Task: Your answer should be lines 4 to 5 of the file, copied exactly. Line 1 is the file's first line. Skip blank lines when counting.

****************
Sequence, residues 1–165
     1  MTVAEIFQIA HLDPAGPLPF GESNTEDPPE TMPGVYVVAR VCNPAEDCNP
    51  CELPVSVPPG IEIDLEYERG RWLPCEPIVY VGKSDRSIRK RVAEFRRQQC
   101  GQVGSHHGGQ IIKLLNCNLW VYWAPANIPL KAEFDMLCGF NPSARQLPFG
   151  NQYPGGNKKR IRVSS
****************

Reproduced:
   101  GQVGSHHGGQ IIKLLNCNLW VYWAPANIPL KAEFDMLCGF NPSARQLPFG
   151  NQYPGGNKKR IRVSS